Most investors have in common a desire to see their money grow in “real” terms. A real return, as opposed to a nominal return, is the return generated in excess of inflation. It is the real return that grows purchasing power over time and makes it possible to enjoy greater consumption in the future than one can afford today. For example, if inflation runs at 2% and an investor earns a 5% nominal return, the investor is said to have earned a 3% real rate of return (5% – 2% = 3%) and the purchasing power of their assets has increased. If the investor’s return only matches the rate of inflation, they have preserved their purchasing power but have not grown their wealth in any real terms. If they earn a return less than inflation, they are actually losing purchasing power, which is a position few long-term investors want to find themselves in for an extended period of time.
The reason earning a real rate of return over time is so important is that the real return is what allows individuals and institutions to accumulate enough wealth to afford things in the future, that they cannot afford today. For example, college tuitions, weddings and retirement are all life events that have enormous sticker shock when viewed in today’s dollar terms. Earning a return higher than the rate of inflation is what “fills the gap” between your financial resources today and what is required to fund tomorrow’s larger ticket items.
Growth of $100k Over 30 Years
The question for investors, therefore, is how to earn an attractive real rate of return on your assets. Cash and bonds are traditional asset classes at the more conservative end of the risk spectrum while stocks are generally considered to be on the more aggressive end. As a result of being less volatile, cash and bonds have “rewarded” investors with smaller real returns over time when compared to stocks. In his book, Stocks for the Long Run, Professor Jeremy Siegel indicates that from 1926 to 2006, stocks earned a real rate of return of 6.8% while long-term government bonds earned a 2.4% real return, making stocks the better choice for building long-term wealth as the below chart depicts.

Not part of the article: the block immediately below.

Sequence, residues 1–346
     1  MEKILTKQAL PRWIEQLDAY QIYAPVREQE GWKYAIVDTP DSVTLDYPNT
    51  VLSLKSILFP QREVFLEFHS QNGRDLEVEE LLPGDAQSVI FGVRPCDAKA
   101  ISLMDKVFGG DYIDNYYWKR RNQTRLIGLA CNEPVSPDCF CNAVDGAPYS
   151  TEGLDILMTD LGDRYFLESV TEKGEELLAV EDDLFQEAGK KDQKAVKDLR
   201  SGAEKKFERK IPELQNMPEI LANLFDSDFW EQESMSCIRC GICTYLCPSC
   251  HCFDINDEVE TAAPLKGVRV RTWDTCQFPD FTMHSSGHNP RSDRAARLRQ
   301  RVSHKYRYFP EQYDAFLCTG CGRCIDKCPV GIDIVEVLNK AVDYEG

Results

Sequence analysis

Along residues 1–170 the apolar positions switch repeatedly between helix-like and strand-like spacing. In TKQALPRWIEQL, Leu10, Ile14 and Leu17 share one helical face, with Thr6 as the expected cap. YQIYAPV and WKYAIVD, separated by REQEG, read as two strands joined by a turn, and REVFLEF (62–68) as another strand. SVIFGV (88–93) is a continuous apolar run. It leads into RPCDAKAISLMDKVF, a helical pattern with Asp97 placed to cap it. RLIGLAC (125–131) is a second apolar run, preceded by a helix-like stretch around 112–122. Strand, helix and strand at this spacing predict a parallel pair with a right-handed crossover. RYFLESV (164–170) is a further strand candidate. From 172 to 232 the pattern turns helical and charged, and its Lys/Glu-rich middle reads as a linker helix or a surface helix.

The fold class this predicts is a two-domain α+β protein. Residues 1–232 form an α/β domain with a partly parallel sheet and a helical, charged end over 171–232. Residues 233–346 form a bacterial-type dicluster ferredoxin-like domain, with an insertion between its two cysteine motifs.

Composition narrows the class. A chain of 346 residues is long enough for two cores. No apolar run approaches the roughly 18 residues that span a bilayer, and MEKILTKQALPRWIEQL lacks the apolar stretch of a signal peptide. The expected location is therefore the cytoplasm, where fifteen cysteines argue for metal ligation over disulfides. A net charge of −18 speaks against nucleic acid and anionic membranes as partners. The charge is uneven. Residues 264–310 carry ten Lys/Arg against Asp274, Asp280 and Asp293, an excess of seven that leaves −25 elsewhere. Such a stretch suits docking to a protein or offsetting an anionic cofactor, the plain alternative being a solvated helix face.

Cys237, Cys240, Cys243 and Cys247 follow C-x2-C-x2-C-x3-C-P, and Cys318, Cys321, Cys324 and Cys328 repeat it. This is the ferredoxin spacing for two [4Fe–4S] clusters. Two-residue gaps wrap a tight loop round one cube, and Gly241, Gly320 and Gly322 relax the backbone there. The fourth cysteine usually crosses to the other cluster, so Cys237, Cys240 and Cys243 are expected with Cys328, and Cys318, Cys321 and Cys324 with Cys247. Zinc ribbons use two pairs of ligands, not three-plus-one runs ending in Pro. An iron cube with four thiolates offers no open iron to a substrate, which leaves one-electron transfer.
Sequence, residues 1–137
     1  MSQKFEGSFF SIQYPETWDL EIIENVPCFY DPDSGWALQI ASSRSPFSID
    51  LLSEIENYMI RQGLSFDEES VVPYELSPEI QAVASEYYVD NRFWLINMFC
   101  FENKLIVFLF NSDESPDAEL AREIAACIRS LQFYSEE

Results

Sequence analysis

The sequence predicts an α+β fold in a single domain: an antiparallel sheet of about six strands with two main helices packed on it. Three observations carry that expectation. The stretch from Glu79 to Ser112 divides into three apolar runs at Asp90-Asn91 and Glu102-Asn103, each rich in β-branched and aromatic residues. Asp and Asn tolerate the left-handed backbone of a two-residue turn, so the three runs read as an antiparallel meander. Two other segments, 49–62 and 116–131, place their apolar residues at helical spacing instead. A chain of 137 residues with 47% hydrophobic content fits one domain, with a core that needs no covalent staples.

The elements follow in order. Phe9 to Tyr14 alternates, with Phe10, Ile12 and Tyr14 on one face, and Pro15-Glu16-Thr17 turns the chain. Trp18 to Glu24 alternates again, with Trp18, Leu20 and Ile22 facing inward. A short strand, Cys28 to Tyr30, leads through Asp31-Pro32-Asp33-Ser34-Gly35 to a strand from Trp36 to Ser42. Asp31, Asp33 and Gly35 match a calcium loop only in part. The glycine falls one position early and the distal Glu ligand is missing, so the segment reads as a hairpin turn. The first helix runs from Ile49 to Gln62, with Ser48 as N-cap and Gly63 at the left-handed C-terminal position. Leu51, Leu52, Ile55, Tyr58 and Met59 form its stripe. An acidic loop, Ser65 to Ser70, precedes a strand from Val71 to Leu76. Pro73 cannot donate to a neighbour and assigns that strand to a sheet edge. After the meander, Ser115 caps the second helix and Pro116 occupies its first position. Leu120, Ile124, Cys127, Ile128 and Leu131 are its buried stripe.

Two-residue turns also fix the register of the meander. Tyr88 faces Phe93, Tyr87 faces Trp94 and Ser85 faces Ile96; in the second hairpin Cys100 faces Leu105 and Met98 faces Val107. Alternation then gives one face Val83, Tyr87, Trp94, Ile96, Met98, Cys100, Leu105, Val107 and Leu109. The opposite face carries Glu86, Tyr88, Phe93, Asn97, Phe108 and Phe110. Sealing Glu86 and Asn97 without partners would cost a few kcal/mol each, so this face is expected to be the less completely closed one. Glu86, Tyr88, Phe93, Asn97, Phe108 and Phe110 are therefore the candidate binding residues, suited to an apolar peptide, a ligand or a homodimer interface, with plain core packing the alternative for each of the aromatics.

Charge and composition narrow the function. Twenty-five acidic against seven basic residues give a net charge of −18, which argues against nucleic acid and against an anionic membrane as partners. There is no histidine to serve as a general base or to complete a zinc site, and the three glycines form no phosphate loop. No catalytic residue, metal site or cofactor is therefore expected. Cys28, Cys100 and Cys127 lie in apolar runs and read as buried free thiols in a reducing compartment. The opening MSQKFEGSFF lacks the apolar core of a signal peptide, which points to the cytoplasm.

However, stock investors “pay” for that return premia by enduring periodic bouts of negative returns such as what we experienced in Q4 2018. In fact, according to JP Morgan, over the last 39 years the average intra-year correction for the S&P 500 index was 13.9%. Despite these occasional corrections, the S&P 500 still finished in positive territory in 29 out of the 39 individual years, or about 75% of the time. Not every investor needs or wants to take the level of risk associated with an all-stock portfolio because sometimes the drawdowns are deeper and take longer to recover than investors can withstand. As a result, many investors end up holding a mixture of both stocks and bonds to fit their unique risk and return objectives. Increasingly, investors are also including alternative return strategies into portfolios because they typically have lower correlations to traditional stocks and bonds. This can improve risk adjusted returns by potentially reducing overall portfolio volatility across a full market cycle.
In closing, when markets turn down, as they did in the fourth quarter of 2018, it becomes even more important to remind yourself why you are investing and tune out as much of the near-term market noise as possible. Retirement, travel, weddings and education are all very personal and tangible reasons “why” individuals invest. Pension obligations, operational support, future capital equipment needs and maximizing retained earnings are all reasons “why” institutions invest. No two investors’ “whys” are exactly alike, but we all have in common the need to earn a real rate of return to achieve our goals. Long-term success in pursuing those goals is more likely to occur if we avoid focusing on near-term market distractions and redirect our attention instead to why we are investing in the first place. This will allow you to better stick to a long-term investment plan, which is a far better approach than attempting to time every uncomfortable, albeit temporary, dip in the market.